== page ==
SHREVEPORT, La - The search for oil and gas is ever present in the state of Louisiana. In parts of Caddo Parish that search, and the unwanted side effects that go along with drilling and fracking, are becoming more common for some neighborhoods.
"I've had to wear earmuffs inside of my house, in my bed to just get a little quiet time," said Pat Sepulvado, a Twilight Meadows subdivision resident who lives off of Jefferson Paige Road in west Shreveport.
"When you go to people for help, all they want to tell you is about the rights of the oil companies. What about our rights as citizens and people living in the neighborhood? We have rights too," said Sepulvado.
Caddo Parish Commissioner Ken Epperson said he hears these kind of complaints regularly.
"The gas drilling has increased significantly. ... I've received so many complaints from a number of my citizens," said Ken Epperson, Caddo Commission District 12 commissioner.
There are close to 10 drilling sites just in his district that he knows of right now.
"We found out the hard way, that we had a gas well probably about a mile and half that way," said David Cox, a Greenwood resident.
"At 11 o'clock at night people are sleeping, and from 11 to 4 every other hour it would kick off for like five days in a row," said Cox.
This area has seen a lot of drilling in the more rural areas in recent years, because of the Haynesville shale. But much of what is happening in Caddo Parish would hardly be considered rural.
For example, a drilling site that started in April of this year was directly across the street from the Twilight Meadows subdivision.
"Since they want to come into a populated area now where people are residing, I don't think it's fair that we don't have a say-so in what goes on in our community," said Glenn Moore, a Western Hills subdivision resident.
The say-so comes from Baton Rouge. While the Legislature and federal government create the laws and standards, the Louisiana Department of Natural Resources is charged with regulation.
"I personally have been up a couple times to hear residents, meet with the Caddo Parish Commission. Our district office folks up there have been in contact with the Caddo Parish government up there and we recognize that there is a growing concern as these kind of operations get closer and closer to more densely populated areas, I guess you could call them quality of life issues," said Patrick Courreges, a DNR spokesman in Baton Rouge.
"We have had to breathe dust for four months," said Sepulvado.
"If it causes your house to vibrate, that's an issue," said Moore.
Making it worse, many feel powerless and helpless to get answers.
"I called Pinewave Energy and told them the dust was affecting my eyes. I went to a commissioner meeting to complain. I've called the city," said Sepulvado.
KTBS called Pine Wave Energy in Fort Worth and Goodrich Petroleum in Houston for comment. Goodrich did not respond, but Pinewave Energy executive vice president Stephen O'Neal said his company has spoken with Sepulvado and Epperson about the issues residents reported to them.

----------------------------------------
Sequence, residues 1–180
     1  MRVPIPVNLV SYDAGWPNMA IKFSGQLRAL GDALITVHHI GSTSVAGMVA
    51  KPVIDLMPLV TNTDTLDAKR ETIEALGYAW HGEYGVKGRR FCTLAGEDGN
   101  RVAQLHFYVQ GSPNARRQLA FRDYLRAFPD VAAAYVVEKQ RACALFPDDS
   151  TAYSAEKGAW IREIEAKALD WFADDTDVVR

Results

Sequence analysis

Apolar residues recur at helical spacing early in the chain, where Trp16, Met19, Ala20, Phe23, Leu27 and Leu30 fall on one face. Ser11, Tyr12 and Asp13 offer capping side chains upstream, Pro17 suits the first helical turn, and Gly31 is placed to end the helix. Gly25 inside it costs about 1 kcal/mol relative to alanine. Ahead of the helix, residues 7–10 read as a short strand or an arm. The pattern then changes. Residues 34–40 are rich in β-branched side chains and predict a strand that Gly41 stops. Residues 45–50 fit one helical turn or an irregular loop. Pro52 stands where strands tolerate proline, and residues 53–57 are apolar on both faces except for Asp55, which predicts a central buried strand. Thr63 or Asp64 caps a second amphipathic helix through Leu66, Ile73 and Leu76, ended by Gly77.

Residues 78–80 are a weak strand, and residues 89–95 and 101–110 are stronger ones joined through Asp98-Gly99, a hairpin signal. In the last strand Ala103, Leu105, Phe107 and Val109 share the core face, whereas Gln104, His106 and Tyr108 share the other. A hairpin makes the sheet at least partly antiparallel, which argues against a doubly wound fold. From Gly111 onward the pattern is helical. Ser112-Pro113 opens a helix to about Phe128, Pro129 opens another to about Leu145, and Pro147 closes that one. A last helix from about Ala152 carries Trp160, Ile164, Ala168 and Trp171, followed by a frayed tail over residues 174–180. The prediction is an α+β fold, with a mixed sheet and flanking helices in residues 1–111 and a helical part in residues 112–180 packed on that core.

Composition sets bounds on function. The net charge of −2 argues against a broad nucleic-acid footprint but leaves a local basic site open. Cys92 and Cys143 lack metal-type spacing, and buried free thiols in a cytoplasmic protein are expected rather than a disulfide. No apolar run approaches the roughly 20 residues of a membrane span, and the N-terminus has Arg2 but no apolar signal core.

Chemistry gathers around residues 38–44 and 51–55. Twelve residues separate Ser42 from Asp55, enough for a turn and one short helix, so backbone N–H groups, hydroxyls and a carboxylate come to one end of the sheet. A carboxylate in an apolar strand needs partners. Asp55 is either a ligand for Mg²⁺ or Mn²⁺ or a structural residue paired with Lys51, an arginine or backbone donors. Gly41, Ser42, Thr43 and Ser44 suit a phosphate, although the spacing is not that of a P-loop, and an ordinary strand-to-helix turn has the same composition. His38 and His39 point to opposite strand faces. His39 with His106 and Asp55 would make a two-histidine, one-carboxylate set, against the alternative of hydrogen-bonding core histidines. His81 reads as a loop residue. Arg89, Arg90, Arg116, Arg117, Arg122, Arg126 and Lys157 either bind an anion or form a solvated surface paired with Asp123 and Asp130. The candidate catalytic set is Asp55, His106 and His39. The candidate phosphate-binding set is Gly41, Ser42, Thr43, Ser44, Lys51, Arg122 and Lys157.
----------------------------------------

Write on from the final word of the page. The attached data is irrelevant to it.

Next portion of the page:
"We set up a sensor in and around that pad site that would actually measure the particulate or dust amount. That test which was conducted over the course of a week actually determined that over any 24-hour period the average particulate level or dust emitted never reached the unhealthy level," said O'Neal.
Even though the tests didn't show any dust problems from their perspective, the company still installed sprinklers in some areas to try and keep the dust down, as well as some asphalt aprons on nearby roads that can produce dust especially when large trucks are using them regularly, O'Neal said.
KTBS also asked specifically about the noise.
"We've now put up sound walls in and around all of our pad sites. So this can mitigate any kind of sound issues, but it can also mitigate any kind of dust issues as well," said O'Neal.
Residents KTBS spoke with said they appreciate the efforts made by some of the oil companies, but many times it's just too little, too late.
"They move in, they build a road, they make everybody uncomfortable for about four weeks maybe longer and then they're gone," said Cox.
KTBS asked DNR if there's anything being done to improve the situation?
"What we've done is we've reached out to operators and last month the commissioner of conservation put out guidance to the operators saying they need to be more aware. You need to have in your plan things to attenuate the sound. Sound walls, put up hay bails or specially designed sound walls, something to cut that noise ... to kind of meet the residents halfway," said Courreges.
Halfway would go a long way, because oil and gas development is not going away.
"According to the map Commissioner Epperson has shown the residents in this area, that next pad is going to be directly behind my house," said Moore.
The Louisiana Department of Natural Resources encourages citizens to reach out to them about any issues or complaints with drilling in their area.